5. Thousand Hills

    Thousand Hills
    Expand Collapse
    Active Member

    Joined:
    Oct 3, 2010
    Messages:
    1,488
    Likes Received:
    4
    Just a couple of thoughts...

    Could one of the grandparents stay with the older kids in the service, with the grandparents taking turns each week. Just my opinion, but the older ones should be mature enough, and while they may not grasp all the concepts from the sermon you would be surprised at what they do learn. The other grandparent could take the younger ones and go to a SS classroom for nap time, story time, etc.

    It sounds like they may be traveling a long distance to get there. Could they possibly drive in the night before, stay at one of the member's homes (have time of fellowship that it sounds like they need), get a good nights rest, a hearty breakfast, and then maybe the tired/cranky/bored issues with the children wouldn't be compounded when it came to service time.
     
  6. saturneptune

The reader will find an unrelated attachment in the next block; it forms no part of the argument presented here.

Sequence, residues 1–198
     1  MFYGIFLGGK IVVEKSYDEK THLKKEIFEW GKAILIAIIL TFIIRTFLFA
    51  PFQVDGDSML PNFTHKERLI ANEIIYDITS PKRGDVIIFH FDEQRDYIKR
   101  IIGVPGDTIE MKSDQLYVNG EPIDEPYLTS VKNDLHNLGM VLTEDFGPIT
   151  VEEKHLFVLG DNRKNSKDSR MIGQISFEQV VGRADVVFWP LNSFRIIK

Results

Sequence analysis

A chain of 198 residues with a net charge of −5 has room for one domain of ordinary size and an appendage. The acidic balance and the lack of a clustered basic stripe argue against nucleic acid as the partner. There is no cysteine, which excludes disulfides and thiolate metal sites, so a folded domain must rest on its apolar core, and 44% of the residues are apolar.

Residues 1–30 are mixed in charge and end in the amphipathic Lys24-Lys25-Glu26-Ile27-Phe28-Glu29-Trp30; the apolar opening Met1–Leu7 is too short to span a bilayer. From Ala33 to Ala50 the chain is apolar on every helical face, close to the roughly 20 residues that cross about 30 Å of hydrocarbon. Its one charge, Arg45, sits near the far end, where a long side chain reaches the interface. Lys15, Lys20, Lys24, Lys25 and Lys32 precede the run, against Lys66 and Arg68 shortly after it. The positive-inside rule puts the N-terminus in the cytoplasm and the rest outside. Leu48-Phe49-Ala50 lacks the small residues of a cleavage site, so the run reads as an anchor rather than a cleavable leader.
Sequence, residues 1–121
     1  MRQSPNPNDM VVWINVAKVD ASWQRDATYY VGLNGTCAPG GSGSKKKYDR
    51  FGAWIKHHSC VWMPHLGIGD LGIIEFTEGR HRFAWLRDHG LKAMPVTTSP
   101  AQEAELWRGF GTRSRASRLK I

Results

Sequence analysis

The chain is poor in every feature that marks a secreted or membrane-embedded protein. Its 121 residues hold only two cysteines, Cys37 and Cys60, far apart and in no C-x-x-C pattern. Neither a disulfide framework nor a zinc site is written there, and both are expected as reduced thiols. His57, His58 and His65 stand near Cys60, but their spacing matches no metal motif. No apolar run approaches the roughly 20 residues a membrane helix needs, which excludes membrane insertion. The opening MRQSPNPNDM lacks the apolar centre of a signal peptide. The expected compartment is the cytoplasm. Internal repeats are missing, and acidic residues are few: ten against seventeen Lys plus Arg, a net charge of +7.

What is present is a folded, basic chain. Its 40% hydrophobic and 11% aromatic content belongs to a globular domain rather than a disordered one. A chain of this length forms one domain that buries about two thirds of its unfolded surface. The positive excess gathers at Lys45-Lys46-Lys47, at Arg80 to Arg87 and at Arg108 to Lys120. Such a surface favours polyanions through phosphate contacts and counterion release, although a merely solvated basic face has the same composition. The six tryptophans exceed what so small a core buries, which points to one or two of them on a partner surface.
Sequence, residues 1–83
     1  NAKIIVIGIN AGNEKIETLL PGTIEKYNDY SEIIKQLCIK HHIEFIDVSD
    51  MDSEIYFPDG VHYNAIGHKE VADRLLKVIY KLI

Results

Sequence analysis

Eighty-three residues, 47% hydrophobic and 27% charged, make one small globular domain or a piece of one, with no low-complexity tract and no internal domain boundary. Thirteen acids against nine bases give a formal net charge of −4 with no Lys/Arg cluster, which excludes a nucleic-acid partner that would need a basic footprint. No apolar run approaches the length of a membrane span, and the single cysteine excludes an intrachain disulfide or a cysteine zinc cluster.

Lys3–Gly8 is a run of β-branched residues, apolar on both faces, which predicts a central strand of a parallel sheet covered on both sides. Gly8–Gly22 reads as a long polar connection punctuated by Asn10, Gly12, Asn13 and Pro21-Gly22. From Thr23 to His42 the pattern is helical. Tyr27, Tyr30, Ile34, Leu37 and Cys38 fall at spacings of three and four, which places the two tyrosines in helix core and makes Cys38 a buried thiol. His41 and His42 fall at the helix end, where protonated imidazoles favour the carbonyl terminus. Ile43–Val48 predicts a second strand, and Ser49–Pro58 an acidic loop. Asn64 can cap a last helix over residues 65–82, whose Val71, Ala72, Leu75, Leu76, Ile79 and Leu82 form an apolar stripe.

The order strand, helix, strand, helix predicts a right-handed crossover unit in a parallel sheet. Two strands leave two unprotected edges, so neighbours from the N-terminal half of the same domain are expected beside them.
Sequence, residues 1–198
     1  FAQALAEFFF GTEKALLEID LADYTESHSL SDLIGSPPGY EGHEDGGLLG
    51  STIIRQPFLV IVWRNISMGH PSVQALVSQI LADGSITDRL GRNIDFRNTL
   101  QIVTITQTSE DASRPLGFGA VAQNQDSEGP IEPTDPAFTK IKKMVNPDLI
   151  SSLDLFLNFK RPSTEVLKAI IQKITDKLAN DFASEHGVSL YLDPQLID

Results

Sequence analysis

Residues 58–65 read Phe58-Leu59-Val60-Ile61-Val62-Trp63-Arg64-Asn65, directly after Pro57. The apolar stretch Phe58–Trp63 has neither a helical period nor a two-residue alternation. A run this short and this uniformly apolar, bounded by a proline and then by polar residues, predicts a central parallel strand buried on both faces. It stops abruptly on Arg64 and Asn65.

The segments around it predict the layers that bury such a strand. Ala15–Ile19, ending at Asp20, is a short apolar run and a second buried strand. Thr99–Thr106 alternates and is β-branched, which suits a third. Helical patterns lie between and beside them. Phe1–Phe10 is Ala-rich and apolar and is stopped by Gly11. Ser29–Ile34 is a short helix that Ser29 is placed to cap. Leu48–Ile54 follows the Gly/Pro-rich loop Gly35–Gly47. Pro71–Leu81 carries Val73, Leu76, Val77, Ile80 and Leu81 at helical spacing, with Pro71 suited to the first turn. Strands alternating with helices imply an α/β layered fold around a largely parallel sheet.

saturneptune
    Expand Collapse
    Banned

    Joined:
    Jan 16, 2006
    Messages:
    13,977
    Likes Received:
    0
    My thoughts are the parents are responsible for the children, not the grandparents. The parents should be taking these kids to Sunday School and church, and going themselves. Something went wrong when these grandparents who are taking the grandchildren now were bringing up the future parents of these kids. Why are they unchurched, if they grew up in a Christian home?

    The best thing for the grandparents to do is what they should have done years ago, get these parents aside and tell them the facts of life, parents are responsible for their kids.

    Are the grandparents doing anything in this direction, or just giving the lazy parents a free pass on the assumption that it is better to take the kids to church than leave them alone with the lazy parents.